Footwear

Another factor that appears to have an influence on the regulation of the various lower-limb stiffness measures are running shoes. Related studies have made comparisons between shod and barefoot running conditions (De Wit et al., 2000; Divert et al., 2005). The recent development of different types of minimalistic footwear as a means of simulating the barefoot running experience while providing protection from epidermal wounds also led to the performance of studies investigating the effect of running in minimalistic shoes on the regulation of lower-limb stiffness (Sinclair et al., 2016).
The specific interplay between joint stiffness and footwear condition has been investigated by only one study (Sinclair et al., 2016). In particular, Sinclair et al. (2016) reported that both at barefoot running and at running with minimalist-inspired footwear knee joint stiffness increased, while ankle joint stiffness decreased compared with conventional footwear. The observed increased knee joint stiffness at barefoot and barefoot-inspired footwear running was attributed to reduced total knee excursion as a consequence of the reduced stance time and the increased stride frequency. On the other hand, increased total ankle excursion was the cause of the reduced ankle joint stiffness (Sinclair et al., 2016).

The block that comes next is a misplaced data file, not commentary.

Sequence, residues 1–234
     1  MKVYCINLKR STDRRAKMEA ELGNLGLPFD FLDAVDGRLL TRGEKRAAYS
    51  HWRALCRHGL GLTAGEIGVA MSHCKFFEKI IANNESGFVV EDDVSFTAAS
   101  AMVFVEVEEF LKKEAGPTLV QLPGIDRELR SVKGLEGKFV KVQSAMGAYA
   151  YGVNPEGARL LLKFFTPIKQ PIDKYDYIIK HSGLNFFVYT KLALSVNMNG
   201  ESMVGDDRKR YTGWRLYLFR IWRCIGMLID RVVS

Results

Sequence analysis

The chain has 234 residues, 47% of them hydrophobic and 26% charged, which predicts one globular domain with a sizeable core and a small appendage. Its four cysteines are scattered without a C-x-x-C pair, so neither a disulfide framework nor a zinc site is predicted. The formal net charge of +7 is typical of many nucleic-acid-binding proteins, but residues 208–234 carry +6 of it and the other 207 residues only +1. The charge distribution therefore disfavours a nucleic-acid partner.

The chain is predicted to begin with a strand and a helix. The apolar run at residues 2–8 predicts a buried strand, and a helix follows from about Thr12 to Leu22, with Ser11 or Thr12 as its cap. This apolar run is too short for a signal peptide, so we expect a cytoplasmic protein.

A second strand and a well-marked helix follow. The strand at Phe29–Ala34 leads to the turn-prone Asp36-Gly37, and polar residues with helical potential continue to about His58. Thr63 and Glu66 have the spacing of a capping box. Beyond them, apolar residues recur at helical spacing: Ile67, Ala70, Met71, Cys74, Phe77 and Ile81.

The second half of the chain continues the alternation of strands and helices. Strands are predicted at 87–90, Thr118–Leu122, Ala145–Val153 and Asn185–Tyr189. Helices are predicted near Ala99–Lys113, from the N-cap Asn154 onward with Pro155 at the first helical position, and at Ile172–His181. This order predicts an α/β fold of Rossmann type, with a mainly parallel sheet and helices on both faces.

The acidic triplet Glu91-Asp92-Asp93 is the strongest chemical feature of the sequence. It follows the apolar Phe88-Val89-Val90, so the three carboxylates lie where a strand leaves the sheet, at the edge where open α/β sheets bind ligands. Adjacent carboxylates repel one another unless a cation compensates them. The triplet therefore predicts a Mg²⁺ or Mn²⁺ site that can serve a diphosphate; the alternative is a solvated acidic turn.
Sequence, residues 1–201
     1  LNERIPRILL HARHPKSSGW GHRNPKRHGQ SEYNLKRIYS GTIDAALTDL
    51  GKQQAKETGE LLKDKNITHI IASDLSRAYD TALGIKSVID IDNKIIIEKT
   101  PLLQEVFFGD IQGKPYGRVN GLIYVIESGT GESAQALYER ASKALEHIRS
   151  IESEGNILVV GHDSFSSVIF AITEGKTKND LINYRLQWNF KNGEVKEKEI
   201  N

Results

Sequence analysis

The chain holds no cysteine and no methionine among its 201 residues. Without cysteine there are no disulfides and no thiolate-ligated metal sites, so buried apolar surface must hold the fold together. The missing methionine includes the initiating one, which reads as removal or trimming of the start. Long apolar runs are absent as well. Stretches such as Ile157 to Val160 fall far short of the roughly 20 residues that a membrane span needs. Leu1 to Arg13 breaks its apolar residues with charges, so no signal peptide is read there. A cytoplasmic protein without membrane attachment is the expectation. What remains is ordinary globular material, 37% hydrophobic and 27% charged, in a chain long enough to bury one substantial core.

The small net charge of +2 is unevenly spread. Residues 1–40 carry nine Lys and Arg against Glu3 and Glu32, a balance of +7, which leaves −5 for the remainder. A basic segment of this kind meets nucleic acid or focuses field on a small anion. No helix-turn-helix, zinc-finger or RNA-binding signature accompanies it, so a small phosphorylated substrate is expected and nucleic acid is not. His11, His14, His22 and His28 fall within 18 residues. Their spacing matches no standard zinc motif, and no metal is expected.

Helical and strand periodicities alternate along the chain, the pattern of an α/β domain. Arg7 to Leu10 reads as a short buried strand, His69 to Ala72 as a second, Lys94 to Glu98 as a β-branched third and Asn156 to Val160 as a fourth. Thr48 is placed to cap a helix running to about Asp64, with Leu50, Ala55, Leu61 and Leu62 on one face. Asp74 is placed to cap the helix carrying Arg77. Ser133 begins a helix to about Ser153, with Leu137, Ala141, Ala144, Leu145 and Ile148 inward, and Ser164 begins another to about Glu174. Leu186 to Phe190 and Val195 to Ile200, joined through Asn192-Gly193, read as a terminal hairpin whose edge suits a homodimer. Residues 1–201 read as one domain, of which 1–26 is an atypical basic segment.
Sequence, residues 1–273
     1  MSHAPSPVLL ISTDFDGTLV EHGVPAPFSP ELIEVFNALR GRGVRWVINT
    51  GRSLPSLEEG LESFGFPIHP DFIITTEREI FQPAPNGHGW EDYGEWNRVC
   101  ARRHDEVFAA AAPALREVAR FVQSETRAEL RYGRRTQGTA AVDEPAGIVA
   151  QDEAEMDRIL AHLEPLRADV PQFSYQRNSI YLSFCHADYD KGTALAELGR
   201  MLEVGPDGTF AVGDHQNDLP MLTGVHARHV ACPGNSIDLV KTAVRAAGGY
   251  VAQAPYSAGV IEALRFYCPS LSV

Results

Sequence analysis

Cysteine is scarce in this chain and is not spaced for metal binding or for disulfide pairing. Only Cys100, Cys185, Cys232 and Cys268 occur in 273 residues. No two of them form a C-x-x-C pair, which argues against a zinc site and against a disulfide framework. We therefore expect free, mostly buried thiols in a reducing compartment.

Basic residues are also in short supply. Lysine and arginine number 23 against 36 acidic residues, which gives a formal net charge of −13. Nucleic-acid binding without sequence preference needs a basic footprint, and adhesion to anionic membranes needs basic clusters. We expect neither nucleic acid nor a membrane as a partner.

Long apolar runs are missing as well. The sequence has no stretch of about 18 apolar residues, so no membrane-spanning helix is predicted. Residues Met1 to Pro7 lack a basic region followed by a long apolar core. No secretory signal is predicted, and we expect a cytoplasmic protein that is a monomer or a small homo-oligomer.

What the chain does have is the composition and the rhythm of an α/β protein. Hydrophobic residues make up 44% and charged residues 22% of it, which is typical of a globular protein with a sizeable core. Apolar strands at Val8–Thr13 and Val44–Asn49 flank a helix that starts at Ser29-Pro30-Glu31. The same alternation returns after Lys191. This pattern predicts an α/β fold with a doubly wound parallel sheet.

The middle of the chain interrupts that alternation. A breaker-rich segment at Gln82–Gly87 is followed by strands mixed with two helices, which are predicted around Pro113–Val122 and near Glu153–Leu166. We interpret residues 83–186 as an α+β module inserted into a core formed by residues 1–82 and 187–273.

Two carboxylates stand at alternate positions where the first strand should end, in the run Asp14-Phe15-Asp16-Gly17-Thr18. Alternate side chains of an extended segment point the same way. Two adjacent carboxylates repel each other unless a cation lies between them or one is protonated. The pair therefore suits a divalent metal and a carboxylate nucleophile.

The majority of the literature has been focused on the investigation of the effect of footwear condition on leg and vertical stiffness. The main finding of all the reviewed studies was that barefoot running or running at minimalist footwear is accompanied by increases in leg stiffness (De Wit et al., 2000; Divert et al., 2005; Divert et al., 2008; Lussiana et al., 2015; Shih et al., 2013; Sinclair et al., 2016). Given that leg stiffness is expressed by the ratio of Vertical Ground Reaction Forces to the magnitude of the leg compression expressed as the length deformation during stance (Lussiana et al., 2015), the recorded leg stiffness increases in barefoot and in minimally-shod running conditions can be attributed either to decreased leg compression through shorter ground contact times or to increased vertical ground reaction force values. The interplay between these two mechanisms presents variations with the final regulation of leg stiffness depending on the various possible combinations (De Wit et al., 2000; Divert et al., 2005; Divert et al., 2008; Hamill et al., 2011; Lussiana et al., 2015; Sinclair et al., 2013; Sinclair et al., 2016; Squadrone and Gallozzi, 2009). It appears that systematic exposure to barefoot running is correlated with reduced impact forces at initial contact with the ground, as part of a general movement optimization process (Crowell and Davis, 2011; Lussiana et al., 2015; Utz-Meagher et al., 2011). In this case, it is expected that the observed leg stiffness increases resulted mainly from reduced leg compression. For this reason, considering the subjects’ training and preferred-footwear status may be helpful in any attempt of results’ interpretation.